• I’ve seen it. I’ve seen it in courtrooms. It’ll tear these families apart, of grandparents against their own kids, grandparents against the in-laws. Obviously, grandparents and in-laws are going to be a little bit of a different story, but I mean grandparents and their own children will not talk to each other because of this litigation. And they’ll drag each other through the mud in court, and their relationship will never be the same. I can list off three cases off the top of my head, where I’ve seen just people in court just going after each other, and the attorneys, we’ve got a job to do, and it’s crossed the other side, and bring out all these bad facts, and that’s what’s going to happen. And it is an unfortunate situation, but I think, in parts, that some of these cases that have come out have started allowing that.
  • Like you said, I don’t know what’ll happen with legislature, I don’t know. I think C.J.C. was kind of a step back on, not a step back, but certainly a step back towards grandparents’ rights. And it’ll be interesting to see how that is interpreted over the next several years or so, as that case gets flushed out, and all the cases on appeal get flushed out, and it’ll be interesting to see if it affects the grandparents’ filings and goes from there. Because I think, like you said, I think that the financial issues, whether we like to talk about it or not, that’s going to typically drive the case. And so, yeah.
  • Brian Walters: Totally agree. One last scenario, which is pretty rare but catastrophic, which is when you have one of the parents gone. Either they die, they get incarcerated for a long period of time, their rights are terminated, or sometimes they just disappear into thin air. So, that’s a different situation, a little bit different law on that. And it kind of makes sense, right? Because I think that the general concept of the law is, look, grandparents, try to work it out with the parents, your own child, who’s the parent of these kids. Try to keep this out of court, that’s a family matter, for the most part, you guys talk it out. But of course, if the parent is gone and there’s only a grandparent and they’ve got their grandkids, now they’re with, let’s say the other parent. Let’s say, I had a kid, and died, and my grandkid now is with the ex-husband of my dead daughter.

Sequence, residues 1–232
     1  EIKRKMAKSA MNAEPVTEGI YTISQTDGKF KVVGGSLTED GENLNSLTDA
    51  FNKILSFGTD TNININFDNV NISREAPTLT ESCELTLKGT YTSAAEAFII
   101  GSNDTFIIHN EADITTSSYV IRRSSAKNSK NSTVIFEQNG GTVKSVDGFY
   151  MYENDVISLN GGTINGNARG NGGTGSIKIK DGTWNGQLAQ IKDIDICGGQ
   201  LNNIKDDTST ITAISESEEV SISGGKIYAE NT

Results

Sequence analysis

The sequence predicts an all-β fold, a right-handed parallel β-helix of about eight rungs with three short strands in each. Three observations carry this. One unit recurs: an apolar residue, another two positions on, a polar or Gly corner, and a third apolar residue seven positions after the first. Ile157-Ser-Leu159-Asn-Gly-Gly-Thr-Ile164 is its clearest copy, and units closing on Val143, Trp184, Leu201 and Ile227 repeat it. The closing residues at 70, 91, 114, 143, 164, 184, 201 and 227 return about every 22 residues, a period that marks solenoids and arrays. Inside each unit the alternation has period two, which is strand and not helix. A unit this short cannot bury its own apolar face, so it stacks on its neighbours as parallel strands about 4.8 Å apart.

• And probably in a lot of cases those folks would work it out. Like, sure, go see grandma. But if they don’t, now there’s some extra rights that a grandparent in that situation would have, which again makes to me more sense because they can’t deal with their own child to get it because their child’s gone and doesn’t have any rights. So how does that work generally? I guess I’d say, the way I look at it, you might be more specific, is it opens the door to a grandparent actually getting some access they otherwise would have a harder time getting, is that your take on it too?